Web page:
Classical features, clean lines, always with the pilasters—the Federal style of architecture is unmistakable and it is present throughout Boston. No surprise, really: It was all but invented in the city, a post-Revolution successor to the more English style called Georgian. If you check out only a handful of Federal creations in Boston, we humbly suggest that they be these fab four. These embody the style and highlight the work of two of its greatest practitioners.
Let's start (where else could we?) with the Massachusetts State House at 24 Beacon Street in Beacon Hill, finished in early 1798 and built on a cow pasture John Hancock once owned. Charles Bulfinch, the starchitect of his day, designed the grand home of the commonwealth's legislature. Wood shingles originally comprised its famous dome; those gave way to copper and to a 23-karat gold coating (which looks neat, yes, but was also practical: to prevent leaks).
St. Stephen's Catholic Church at 401 Hanover Street is another Bulfinch creation. It was completed in 1804, and originally housed the New North Religious Society, a Congregationalist outfit. The church's interior belies what Bulfinch was going for: a severely functional squarish space. The pilasters are a dead giveaway re: the Federal style.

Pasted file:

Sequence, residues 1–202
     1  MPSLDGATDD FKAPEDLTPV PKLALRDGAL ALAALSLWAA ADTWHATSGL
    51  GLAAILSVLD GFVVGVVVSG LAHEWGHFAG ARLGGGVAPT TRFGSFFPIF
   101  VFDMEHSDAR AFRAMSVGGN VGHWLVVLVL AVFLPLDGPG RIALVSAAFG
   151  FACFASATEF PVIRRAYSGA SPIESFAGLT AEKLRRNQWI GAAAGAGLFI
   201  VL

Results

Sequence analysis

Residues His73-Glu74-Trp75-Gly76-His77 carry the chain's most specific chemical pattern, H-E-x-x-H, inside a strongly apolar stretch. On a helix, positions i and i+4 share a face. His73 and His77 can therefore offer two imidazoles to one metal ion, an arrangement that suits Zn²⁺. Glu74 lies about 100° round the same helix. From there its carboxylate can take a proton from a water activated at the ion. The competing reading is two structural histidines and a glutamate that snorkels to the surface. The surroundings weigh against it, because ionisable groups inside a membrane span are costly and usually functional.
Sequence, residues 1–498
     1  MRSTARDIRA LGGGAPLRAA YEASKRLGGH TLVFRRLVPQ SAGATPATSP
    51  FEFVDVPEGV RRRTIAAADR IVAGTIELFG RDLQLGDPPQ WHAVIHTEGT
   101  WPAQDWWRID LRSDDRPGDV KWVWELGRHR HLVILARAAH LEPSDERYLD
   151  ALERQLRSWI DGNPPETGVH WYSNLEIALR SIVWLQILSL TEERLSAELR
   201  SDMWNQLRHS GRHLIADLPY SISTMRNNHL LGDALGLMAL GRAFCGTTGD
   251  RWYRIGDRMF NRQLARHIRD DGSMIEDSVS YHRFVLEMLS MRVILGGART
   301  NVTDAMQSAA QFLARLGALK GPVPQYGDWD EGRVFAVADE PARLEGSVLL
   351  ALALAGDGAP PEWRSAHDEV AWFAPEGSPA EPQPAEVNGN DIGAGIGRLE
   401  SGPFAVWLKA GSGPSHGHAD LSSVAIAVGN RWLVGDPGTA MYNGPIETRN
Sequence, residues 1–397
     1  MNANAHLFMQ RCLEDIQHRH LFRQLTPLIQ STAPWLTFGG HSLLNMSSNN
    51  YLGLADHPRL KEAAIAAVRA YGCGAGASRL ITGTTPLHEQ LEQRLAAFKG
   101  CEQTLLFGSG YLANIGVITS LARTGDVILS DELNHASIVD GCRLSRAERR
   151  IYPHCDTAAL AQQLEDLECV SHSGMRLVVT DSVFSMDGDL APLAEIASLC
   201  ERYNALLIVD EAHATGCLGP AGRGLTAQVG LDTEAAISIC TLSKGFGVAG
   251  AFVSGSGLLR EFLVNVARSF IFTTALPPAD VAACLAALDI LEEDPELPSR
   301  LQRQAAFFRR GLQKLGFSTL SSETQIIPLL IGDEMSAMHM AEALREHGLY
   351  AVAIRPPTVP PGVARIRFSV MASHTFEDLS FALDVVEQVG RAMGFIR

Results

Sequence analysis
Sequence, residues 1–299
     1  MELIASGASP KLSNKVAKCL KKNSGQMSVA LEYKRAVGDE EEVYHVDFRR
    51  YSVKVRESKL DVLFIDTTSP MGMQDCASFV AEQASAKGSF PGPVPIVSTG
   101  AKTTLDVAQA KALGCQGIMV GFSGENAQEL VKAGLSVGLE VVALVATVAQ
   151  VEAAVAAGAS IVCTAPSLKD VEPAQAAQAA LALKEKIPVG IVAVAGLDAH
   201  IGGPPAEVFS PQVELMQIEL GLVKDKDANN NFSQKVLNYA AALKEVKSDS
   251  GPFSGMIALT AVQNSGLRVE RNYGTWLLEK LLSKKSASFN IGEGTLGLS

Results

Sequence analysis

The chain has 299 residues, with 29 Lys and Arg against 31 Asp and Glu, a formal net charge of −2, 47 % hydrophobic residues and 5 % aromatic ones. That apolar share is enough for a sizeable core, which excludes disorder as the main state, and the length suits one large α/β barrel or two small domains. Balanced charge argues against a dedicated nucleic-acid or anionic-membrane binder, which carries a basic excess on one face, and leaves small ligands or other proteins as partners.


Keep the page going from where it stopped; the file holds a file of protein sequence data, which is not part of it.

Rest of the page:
Yup, Bulfinch. He designed this mansion at 141 Cambridge Street for Harrison Gray Otis, a congressman, Senator and Boston mayor (whose political affiliation was—what else?—Federalist). It was completed in 1796, and its flat facade positively drips of the architecture. It was later used as a clinic and a middle-class boarding house.
Built in 1808 at 55 Beacon Street and now known as the William Hickling Prescott House after the historian who once lived there, this mansion is not a Bulfinch creation, but rather one from the hand of Asher Benjamin, who would end his career working in the Greek Revival style. This is the Federal work everyone remembers him for, however, though through the pilasters and the Doric columns you can almost see a more vigorous approach yearning to show itself. It's now a museum that the National Society of the Colonial Dames of America runs.